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21 Stating your price > Separate financial proposals - Pg. 195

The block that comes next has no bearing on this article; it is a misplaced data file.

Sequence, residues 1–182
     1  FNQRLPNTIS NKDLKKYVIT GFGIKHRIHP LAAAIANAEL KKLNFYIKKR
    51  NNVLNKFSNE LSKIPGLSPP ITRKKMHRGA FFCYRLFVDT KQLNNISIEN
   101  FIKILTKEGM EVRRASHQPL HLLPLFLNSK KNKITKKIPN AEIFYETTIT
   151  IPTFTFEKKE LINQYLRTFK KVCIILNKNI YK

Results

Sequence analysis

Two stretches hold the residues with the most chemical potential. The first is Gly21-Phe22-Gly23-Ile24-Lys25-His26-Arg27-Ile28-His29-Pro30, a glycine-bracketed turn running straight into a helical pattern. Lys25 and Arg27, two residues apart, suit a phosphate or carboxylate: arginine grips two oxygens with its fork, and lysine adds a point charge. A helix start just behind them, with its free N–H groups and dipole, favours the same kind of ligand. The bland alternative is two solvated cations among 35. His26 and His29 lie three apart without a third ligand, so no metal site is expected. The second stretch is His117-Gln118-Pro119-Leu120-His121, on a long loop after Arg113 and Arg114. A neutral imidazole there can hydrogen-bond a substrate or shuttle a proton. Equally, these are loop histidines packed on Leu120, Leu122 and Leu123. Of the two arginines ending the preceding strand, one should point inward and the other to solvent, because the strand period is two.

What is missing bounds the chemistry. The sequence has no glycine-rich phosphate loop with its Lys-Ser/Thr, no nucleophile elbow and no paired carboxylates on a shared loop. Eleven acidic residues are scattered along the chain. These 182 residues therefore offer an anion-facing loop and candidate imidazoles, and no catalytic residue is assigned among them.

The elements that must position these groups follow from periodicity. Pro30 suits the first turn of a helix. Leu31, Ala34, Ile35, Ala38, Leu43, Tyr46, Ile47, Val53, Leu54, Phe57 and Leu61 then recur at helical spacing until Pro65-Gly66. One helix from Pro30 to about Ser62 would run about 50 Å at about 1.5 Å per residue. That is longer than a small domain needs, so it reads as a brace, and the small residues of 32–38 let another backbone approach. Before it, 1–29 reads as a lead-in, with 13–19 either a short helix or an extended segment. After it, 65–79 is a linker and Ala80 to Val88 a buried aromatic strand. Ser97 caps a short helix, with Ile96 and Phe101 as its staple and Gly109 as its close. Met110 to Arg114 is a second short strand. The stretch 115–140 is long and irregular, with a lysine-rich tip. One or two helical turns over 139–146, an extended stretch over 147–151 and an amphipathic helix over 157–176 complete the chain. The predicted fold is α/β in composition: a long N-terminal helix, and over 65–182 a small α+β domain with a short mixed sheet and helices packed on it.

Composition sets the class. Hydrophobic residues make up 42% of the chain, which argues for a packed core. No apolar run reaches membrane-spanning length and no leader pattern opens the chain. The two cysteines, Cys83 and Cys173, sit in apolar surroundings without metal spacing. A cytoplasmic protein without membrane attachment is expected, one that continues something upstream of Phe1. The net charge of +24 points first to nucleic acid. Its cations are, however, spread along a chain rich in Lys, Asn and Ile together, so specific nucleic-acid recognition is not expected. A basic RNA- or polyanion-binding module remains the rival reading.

Stating Your Price 195 start of a contract, and the contractor may still need either to commit the firm's own resources or to increase its borrowings. These practical difficulties are often compounded by delays in the reduction or release of guarantees by clients. Late payers and non-payers Public sector clients and large business organizations may have unwieldy accounting systems and arthritic payment procedures that mean you will be kept waiting to receive the money you are due, even when appropriate payment terms are defined in the contract. Though these clients may pay late, their corporate standing does offer some assurance that your invoices will eventually be paid, but if your client is, say, a small business or a private individual, you have no such assurance. It is not uncommon for businesses on the verge of collapse to take on consultants in a last-ditch survival strategy: if that fails, your chances of getting paid for your work go up in smoke. The way to minimize your exposure to this risk is first, to include the possibility of non-payment among the factors you consider when deciding whether or not to pursue a bid opportunity (Chapter 7), and second, to require, as a condition of starting work, that the client signs and returns a letter of engagement which defines your understanding of the assignment and its contractual basis and terms of payment. As a further measure you may wish to ask for an advance payment, say 50 per cent of the quoted fee as discussed above. Don't feel inhibited from doing that: clients who value your quality and professionalism will accept the request as a term of engaging your services and will pay you promptly, while those who object are likely to be the ones who will keep you waiting for your fees or perhaps never pay at all. Some clients, though, may imagine that having made an advance payment they are entitled to delay paying the balance of your fee; a clearly defined letter of engagement is the way to disabuse them of that notion. Separate financial proposals In certain sectors of procurement such as contracts for EU-funded work and projects financed by international or regional development institutions, it is standard practice for clients to require bids to be submitted in two parts: 1) a technical proposal, which has to contain no financial information; and 2) a separate financial proposal, which is opened only after the technical proposal has been evaluated. This is the `double envelope', `staged tender' or `two-stage' procedure, which considers technical quality first and then cost (Chapters 22 and 23). The reason for separating financial information is to try to ensure that the client's technical evaluation of the bid is not influenced by considerations of